ews Flash: Puberty Sucks. The how to survive guide for parents and kids}

What Should We Do Instead of AR Tests and Reading Logs?

So what’s the answer? Kids learn to love reading by getting excited about the stories within the books. Yes, I know not all kids are raised in homes full of books or with parents able to read to them every night. But does anyone actually believe AR tests are going to help those kids?

Teachers need to work to instill a love of reading in our kids. This means reading out loud to them. Showing kids the wonder and mystery in books. Letting kids pick out their own books even if they aren’t at their “reading level” (believe me, my kids could share stories of not being able to pick books out of the school library because they were the “wrong” level). Encouraging kids to read for fun, not to get a certain number of points.

Let’s bring back the love of reading. 

A couple of notes:

1. I am not blaming teachers, they work under their own set of rules and guidelines.

2. I am not talking about never assigning a book for kids to read. I am saying let’s find ways to encourage a love of reading for the sake of reading, aside from any books that might be assigned for classwork.

3. Thankfully, over time, my kids are back to reading for pleasure, but still often base their choices on AR points.

4. If you have a child who struggles with reading, check out my review of Reading Buddy. You can improve your child’s reading by 50% in just three months.



  1. Tanya Redfield

    Your points are very valid…I have also seen books chosen for the points and books unread because they aren’t AR approved. We don’t do reading logs…I would hate those too! I see the drawbacks. However, I have kids spanning 20 years, and the good that I see in AR is that it allows kids to read at a level appropriate to them. 25 years ago when our oldest entered kindergarten, he was already an early reader. He had to suffer through hours of sitting with his peers as they learned the alphabet, one letter at a time. Fortunately he had a fabulous teacher for kindergarten who caught on quickly to his boredom and gave him things to do that were appropriate and stimulating for his level. But then came first grade and the WORST TEACHER EVER. Our son started acting out…clearly bored. Sadly we had the WTE for a second year due to classroom sharing in our tiny school. By year two our son was crushed…hated school…was being constantly punished which meant he missed out on all the fun things the class did and only sat through the reading lessons and math, too, which were way below his levels. At one meeting with a whole group of very intimidating school employees I brought up to the teacher how his kindergarten teacher had kept him busy with more level appropriate work. Her answer? “I don’t have time to teach every child separately. He is going to have to sit there nicely and wait for the other kids to catch up.” He was reading at a 7th grade level. She expected him to sit and learn nothing for 5 years? It is unfortunate that this was my first child and I did not yet have the courage to advocate as I should. Although we did one thing right…we pulled him out and homeschooled him for awhile until we found a charter school that better suited him. So this very long story is to say that had our oldest had AR and AM, school would have been very different for him. He could have moved at his own pace and not sat listening to kids learn the alphabet when he had just read “Little House” books at home the night before. There has to be be an answer between that and reading logs. I don’t know what it is, but at least AR and AM were some sort of a step forward. Our youngest is in 4th grade now, advanced like his brother but on the autism spectrum. If he had had the same experience as his oldest brother he would be in a much worse place than he is.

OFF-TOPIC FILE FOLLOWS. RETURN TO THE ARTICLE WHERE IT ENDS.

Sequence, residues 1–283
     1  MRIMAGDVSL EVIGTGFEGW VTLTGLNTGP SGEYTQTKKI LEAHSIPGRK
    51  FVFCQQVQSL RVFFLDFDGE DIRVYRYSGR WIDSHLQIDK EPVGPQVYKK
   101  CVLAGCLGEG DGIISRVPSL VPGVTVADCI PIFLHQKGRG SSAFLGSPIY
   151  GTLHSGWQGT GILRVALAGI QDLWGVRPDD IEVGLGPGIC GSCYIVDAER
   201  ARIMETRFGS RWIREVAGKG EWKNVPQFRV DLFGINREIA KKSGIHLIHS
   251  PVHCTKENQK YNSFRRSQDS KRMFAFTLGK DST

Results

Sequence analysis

2. Danielle

    I had to do AR in middle school and hated it. I got so mad that some books were worth so many points and some were worth squat. We didn’t set our own goals, we just had to earn x points per period. There were several times where I informed my Mom I wasn’t going to meet the goal because I couldn’t find books I enjoyed to get the points. I showed her everything I had been reading and she was satisfied with that. My grade dropped some, but I didn’t care. Thankfully my Mom didn’t either! I HATED AR stuff.